electrically-adjustable heated door mirrors, 17-inch alloy wheels, multifunction
leather-trimmed wheel, Dualdrive electric power steering, radio with CD and
MP3 player, USB port and ambient cabin lighting.
Naturally you also get ABS with Electronic Brakeforce Distribution (EBD) and
an Electronic Stability Program (ESP) with Hill Holder to assist with starting
off on a slope.
Also standard are Lane Change Warning (when indicating to change lanes, the
appropriate fog light flashes once at the same time as the first indicator 'blink'
to make the car even more visible to other traffic), Adaptive Cornering Foglights
(these switch on automatically, left or right, to illuminate the apexes of bends
when negotiating low speed corners), and ecoDrive (downloads driving data to
a memory stick for your computer to analyse and tell you how to save fuel and
All models (except the entry-level Active) can also be specified with the cutting-edge
Blue&Me TomTom system which fits in a specially designed 'dock' at the top of
the dashboard and gives fingertip access to a fully portable touchscreen to
manage navigation, mobile 'phone, trip computer and MP3 player.
Despite only having one door each side, you can get passengers in the back without
any trouble thanks to easy-acting tilt-and-slide front seats. Once there, they'll
enjoy a good view out of the airy cabin; and it's roomy and cosy enough for
two adults to make long journeys in the back not just the occasional
While there are three sets of seatbelts, there are only two headrests (if you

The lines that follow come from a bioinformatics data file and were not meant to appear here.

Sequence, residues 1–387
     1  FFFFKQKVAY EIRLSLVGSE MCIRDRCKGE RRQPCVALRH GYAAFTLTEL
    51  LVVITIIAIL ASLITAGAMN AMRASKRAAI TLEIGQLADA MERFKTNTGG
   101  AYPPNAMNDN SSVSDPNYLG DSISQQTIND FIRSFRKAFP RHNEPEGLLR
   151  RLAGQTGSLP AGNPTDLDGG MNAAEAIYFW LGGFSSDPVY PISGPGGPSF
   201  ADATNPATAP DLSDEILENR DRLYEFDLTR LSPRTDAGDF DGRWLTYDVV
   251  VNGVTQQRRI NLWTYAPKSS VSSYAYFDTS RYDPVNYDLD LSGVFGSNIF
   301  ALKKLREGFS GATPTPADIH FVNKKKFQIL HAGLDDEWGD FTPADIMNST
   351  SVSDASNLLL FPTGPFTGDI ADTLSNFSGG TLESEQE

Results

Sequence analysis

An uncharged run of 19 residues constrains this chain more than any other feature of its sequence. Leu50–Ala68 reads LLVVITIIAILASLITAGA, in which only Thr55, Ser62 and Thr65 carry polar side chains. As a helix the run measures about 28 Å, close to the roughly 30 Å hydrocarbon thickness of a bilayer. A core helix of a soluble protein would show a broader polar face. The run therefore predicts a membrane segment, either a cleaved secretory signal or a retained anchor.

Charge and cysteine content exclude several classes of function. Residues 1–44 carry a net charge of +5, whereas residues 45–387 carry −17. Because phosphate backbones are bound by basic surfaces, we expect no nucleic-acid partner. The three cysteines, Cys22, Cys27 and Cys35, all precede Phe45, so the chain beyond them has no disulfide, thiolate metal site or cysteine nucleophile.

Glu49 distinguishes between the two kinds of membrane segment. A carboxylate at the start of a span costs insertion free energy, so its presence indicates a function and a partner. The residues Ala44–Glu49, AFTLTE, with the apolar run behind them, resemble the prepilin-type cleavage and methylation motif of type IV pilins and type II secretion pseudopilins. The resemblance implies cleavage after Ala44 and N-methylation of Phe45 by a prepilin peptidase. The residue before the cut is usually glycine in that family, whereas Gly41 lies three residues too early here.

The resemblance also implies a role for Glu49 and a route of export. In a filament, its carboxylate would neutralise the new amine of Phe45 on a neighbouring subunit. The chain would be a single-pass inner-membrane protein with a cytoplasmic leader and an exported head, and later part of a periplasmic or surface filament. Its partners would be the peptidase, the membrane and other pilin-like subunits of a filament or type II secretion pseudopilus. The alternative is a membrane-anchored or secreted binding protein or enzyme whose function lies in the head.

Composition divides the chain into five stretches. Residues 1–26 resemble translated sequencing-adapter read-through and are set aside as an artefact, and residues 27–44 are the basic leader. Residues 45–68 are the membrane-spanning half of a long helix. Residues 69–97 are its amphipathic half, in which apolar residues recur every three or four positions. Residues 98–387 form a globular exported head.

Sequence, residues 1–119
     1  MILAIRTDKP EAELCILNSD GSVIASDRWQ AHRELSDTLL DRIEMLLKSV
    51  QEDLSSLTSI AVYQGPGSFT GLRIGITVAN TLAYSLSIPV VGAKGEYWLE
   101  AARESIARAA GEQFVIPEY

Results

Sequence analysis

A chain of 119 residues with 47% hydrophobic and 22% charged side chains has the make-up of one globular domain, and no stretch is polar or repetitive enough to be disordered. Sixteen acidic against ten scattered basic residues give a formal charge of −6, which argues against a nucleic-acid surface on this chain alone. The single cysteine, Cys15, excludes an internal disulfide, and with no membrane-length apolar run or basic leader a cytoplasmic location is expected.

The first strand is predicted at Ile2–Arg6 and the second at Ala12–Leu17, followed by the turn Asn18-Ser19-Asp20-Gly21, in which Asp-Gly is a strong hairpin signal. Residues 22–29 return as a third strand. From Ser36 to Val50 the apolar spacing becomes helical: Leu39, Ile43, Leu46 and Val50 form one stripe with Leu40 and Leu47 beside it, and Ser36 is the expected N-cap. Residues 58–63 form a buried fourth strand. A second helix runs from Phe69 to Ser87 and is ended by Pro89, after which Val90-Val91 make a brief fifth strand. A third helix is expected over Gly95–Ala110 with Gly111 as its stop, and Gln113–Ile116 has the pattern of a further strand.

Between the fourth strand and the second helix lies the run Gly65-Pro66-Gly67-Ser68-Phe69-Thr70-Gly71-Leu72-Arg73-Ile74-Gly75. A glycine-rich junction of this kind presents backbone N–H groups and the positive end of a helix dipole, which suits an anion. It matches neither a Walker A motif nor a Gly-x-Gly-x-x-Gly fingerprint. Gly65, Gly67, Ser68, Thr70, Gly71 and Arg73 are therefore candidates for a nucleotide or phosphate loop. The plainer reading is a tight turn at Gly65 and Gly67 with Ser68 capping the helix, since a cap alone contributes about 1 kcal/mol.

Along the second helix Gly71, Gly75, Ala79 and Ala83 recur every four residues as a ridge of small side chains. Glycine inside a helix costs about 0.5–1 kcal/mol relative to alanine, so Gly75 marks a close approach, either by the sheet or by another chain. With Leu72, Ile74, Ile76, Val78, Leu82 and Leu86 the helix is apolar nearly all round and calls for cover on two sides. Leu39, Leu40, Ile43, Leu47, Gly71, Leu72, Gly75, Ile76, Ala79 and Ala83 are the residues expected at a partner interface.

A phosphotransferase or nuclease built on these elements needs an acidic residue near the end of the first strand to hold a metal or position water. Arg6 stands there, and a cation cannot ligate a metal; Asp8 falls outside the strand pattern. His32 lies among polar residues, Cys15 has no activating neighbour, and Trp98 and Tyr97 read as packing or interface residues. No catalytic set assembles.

need it, the third is an extra £50). When not in use, these drop down tight
over the rear backrest to maximise the driver's rearward visibility.
the 60:40 split/fold back seats is a respectable-sized boot (275 litres) that
expands easily to 1,030 litres although you do end up with a stepped loadbay
floor the good news is that both sections are flat. The loading
sill/rear bumper is at thigh height so there's a drop to the boot floor of about
eight inches. Side bags are thoughtfully provided in the regular-shaped boot
and should you ever get a flat tyre you'll find a repair kit and pump under
button you might want to push from time to time is the one that disengages the
Start&Stop. One day soon we won't be allowed to turn these fuel-saving systems
off, but there are times when the engine shutting down instead of idling every
time you stop can be mildly irksome.
Making it all worthwhile
is the eager and
punchy MultiAir engine:
its the star in a reasonably priced car.
Turbo response is there
the moment you floor
the pedal and on the boil
pretty damn good.
The six-speed manual
box nicely complements